Take the 2-minute tour ×
Stack Overflow is a question and answer site for professional and enthusiast programmers. It's 100% free.
Python 3.2 (r32:88445, Feb 20 2011, 21:29:02) [MSC v.1500 32 bit (Intel)] on win32
Type "copyright", "credits" or "license()" for more information.
>>> str_version = 'នយោបាយ'
>>> type(str_version)
<class 'str'>
>>> print (str_version)
>>> unicode_version = 'នយោបាយ'.decode('utf-8')
Traceback (most recent call last):
  File "<pyshell#3>", line 1, in <module>
    unicode_version = 'នយោបាយ'.decode('utf-8')
AttributeError: 'str' object has no attribute 'decode'

What the problem with my unicode string?

share|improve this question

3 Answers 3

up vote 9 down vote accepted

There is nothing wrong with your string! You just have confused encode() and decode(). The string is meaningful symbols. To turn it into bytes that could be stored in a file or transmitted over the Internet, use encode() with an encoding like UTF-8. Each encoding is a scheme for converting meaningful symbols to flat bytes of output.

When the time comes to do the opposite — to take some raw bytes from a file or a socket and turn them into symbols like letters and numbers — you will decode the bytes using the decode() method of bytestrings in Python 3.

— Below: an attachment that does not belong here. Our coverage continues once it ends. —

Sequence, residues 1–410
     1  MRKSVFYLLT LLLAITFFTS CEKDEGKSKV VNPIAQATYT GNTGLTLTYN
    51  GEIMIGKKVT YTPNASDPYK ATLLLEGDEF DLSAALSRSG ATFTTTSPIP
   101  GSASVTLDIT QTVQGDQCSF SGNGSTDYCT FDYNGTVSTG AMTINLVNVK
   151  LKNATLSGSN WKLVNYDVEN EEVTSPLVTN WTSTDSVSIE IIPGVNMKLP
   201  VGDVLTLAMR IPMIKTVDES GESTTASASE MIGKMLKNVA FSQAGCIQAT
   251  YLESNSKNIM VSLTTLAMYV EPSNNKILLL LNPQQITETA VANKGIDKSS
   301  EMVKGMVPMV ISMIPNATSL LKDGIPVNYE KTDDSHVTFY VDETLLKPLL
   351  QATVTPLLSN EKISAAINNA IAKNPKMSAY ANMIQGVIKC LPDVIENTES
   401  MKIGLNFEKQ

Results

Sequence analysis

>>> str_version = 'នយោបាយ'
>>> str_version.encode('utf-8')

See that big long line of bytes? Those are the bytes that UTF-8 uses to represent your string, if you need to transmit the string over a network, or store them in a document. There are many other encodings in use, but it seems to be the most popular. Each encoding can turn meaningful symbols like ន and យោ into bytes — the little 8-bit numbers with which computers communicate.

>>> rawbytes = str_version.encode('utf-8')
>>> rawbytes
>>> rawbytes.decode('utf-8')
share|improve this answer
still not clean .Could you more clear explain ? thanks Brandon Craig Rhodes –  soksan Mar 26 '11 at 21:05
I have added another paragraph, and some code samples — do those make it any clearer? –  Brandon Rhodes Mar 26 '11 at 21:09
Now it's clear .I understand right now from your example ,thank you so much @Brandon Craig Rhodes –  soksan Mar 26 '11 at 21:12

You're reading the 2.x docs. str.decode() (and bytes.encode()) was dropped in 3.x. And str is already a Unicode string; there's no need to decode it.

share|improve this answer

You already have a unicode string. In Python 3, str are unicode strings (unicode in Python 2.x), and single-byte strings (Python 2.x str) aren't treated as text anymore, they're now called bytes. The latter can be converted into a str with its decode method, but the former is already decoded - you can only encode it back into bytes.

share|improve this answer

Your Answer


By posting your answer, you agree to the privacy policy and terms of service.

Not the answer you're looking for? Browse other questions tagged or ask your own question.